A return to top form (in my opinon, at least) from Ben Wheatley and co., in this gangster romp set in 1970's Boston. Wheatley and Amy Jump are nothing if not the masters of write within your means, staging all but the most fleeting moments of Free Fire within a single warehouse space.
The film features an ensemble cast, with characters largely written after the casting process. This gives every part great autheticity -- even when dipping into pastiche -- and every actor makes the most of the personalisation afforded them.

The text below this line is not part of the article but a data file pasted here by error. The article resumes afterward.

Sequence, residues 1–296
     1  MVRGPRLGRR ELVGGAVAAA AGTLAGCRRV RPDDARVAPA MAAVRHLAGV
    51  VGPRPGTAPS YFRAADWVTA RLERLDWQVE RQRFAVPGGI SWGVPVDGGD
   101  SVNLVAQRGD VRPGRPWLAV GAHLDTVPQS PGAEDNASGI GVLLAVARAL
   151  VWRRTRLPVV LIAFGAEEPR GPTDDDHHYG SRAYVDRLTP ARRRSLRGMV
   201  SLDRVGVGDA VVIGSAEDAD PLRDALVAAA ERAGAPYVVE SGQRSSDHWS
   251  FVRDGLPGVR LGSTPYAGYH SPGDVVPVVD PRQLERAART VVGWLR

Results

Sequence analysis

All the hallmarks of previous Wheatley Rook Films productions are present: great dialogue and improv, edge of the seat sequences, and some of the best special effects in the business. Yet, possible unexpectedly, it is the sound design which sets the film apart -- it really is on a par with the likes of Saving Private Ryan and We Need To Talk About Kevin.